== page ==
By Tom Ballard, Chief Alliance Officer, PYA
The Vice President for Global Innovation Policy at the Information Technology & Innovation Foundation told attendees at last week’s “LST|CON” event that Tennessee has made great progress but reminded against “resting on your laurels” because there is still much work to be done.
Stephen Ezell keynoted the Life Science Tennessee annual conference that drew about 150 people from across the state and beyond. His presentation was titled “Innovation Economics: Powering Life Sciences Innovation in Tennessee and America.”
Ahead of a series of recommendations, Ezell noted that advanced technology industries employ 250,000 workers or 8.3 percent of the state’s workforce. Perhaps more important, Tennessee leads the nation in advanced industry job growth.
ITIF has created a “New Economy Index” that measures each state’s economic structure on 25 indicators in five categories – knowledge jobs, innovation capacity, economic dynamism, globalization, and the digital economy.
How does Tennessee rank? We’re 32nd, not a particularly encouraging position. Areas where the Volunteer State is strongest are health information technology (7th), non-industry investment in R&D (8th), export focus of manufacturing (11th), share of fast-growing firms (12th), and manufacturing value-added (14th).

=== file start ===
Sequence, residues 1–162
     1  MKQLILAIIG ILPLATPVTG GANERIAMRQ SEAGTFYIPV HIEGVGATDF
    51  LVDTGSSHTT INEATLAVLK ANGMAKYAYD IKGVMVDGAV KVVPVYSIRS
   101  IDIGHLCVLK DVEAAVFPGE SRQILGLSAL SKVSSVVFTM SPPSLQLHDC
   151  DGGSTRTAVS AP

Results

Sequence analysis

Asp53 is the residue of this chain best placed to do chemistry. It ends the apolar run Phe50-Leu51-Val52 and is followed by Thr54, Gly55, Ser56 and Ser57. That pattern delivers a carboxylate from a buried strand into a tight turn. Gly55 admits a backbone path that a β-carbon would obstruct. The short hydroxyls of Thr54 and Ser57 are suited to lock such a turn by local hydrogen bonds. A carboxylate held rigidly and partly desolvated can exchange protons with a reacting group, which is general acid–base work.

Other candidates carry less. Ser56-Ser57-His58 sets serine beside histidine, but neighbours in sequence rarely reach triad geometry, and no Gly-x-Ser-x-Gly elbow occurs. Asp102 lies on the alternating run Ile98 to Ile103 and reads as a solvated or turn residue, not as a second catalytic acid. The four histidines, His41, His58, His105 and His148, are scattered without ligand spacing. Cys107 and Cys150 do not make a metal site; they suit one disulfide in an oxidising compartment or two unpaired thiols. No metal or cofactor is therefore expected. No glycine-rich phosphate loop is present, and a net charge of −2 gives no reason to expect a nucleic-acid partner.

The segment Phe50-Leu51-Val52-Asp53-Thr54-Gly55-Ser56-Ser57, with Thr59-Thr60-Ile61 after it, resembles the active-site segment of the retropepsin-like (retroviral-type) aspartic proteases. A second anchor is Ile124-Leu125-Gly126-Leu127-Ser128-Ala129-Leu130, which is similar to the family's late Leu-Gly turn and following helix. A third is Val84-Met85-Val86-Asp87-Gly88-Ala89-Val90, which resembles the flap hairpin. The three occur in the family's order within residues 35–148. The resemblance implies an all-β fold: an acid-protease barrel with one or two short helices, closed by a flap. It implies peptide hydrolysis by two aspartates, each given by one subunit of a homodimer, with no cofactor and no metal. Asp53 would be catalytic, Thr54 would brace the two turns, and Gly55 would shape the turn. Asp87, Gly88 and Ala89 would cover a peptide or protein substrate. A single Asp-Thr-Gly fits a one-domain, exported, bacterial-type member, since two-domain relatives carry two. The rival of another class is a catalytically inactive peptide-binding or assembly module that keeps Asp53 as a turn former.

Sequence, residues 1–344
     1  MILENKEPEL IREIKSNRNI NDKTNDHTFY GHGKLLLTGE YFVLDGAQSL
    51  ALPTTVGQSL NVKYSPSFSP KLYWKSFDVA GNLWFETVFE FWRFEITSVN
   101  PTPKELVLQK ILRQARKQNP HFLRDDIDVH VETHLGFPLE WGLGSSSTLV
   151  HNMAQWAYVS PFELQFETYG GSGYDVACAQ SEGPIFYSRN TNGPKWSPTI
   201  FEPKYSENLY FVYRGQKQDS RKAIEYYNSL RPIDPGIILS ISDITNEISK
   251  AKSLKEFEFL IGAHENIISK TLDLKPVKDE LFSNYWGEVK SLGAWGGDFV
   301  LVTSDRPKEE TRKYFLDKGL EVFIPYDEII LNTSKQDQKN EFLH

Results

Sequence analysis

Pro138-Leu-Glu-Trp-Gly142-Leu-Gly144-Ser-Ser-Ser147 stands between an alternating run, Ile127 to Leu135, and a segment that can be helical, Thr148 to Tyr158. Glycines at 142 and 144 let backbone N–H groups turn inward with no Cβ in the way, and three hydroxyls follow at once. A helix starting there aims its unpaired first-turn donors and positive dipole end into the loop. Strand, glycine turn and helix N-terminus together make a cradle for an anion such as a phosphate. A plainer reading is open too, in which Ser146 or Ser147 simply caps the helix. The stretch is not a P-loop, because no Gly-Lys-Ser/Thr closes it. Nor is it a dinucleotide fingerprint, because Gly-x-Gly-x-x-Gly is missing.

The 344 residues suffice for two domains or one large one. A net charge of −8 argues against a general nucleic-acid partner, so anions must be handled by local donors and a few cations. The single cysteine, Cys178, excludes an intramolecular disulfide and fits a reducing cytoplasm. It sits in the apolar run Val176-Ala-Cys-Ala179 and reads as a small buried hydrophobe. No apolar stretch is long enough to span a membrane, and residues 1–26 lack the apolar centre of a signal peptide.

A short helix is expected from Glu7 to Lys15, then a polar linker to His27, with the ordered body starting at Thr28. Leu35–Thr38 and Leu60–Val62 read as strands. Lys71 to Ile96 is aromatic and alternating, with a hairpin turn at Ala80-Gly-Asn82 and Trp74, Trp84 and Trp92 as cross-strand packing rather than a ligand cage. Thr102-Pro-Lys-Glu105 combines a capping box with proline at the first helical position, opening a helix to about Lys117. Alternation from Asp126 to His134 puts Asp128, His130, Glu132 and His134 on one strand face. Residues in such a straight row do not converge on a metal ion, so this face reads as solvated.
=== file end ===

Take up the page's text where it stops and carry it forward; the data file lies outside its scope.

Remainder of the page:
In terms of weaknesses, Tennessee has these biggest areas of deficiency – patents per capita (43rd), workforce education (41st), inventor patents (39th), industry investment in R&D (39th), and migration of domestic knowledge workers (37th).
During his lunchtime presentation, Ezell identified a number of programs and initiatives that would further accelerate Tennessee’s life science sector. We asked him to rank the top three, and he obliged with these recommendations:
- Increase the pool of funds available to match Small Business Innovation Research (SBIR) and Small Business Technology Transfer (STTR) awards to small businesses;
- Implement a collaborative R&D tax credit; and
- Support financially more translational research or commercialization.
Other areas that Ezell suggested included implementing proof of concept or Phase Zero funding for start-ups along the lines of efforts in Colorado and Connecticut, launching a matching program for start-ups that secure angel or venture funding, provide grants for postsecondary student internships with life science companies, provide incumbent worker training in skill shortage areas, create simple and standardized technology transfer contracts between universities and corporations, establish an innovation vouchers program like RevV manufacturing innovation program but designed for life science companies, and allow university faculty and students to suspend tenure track positions and classes respectively without penalties to pursue entrepreneurship.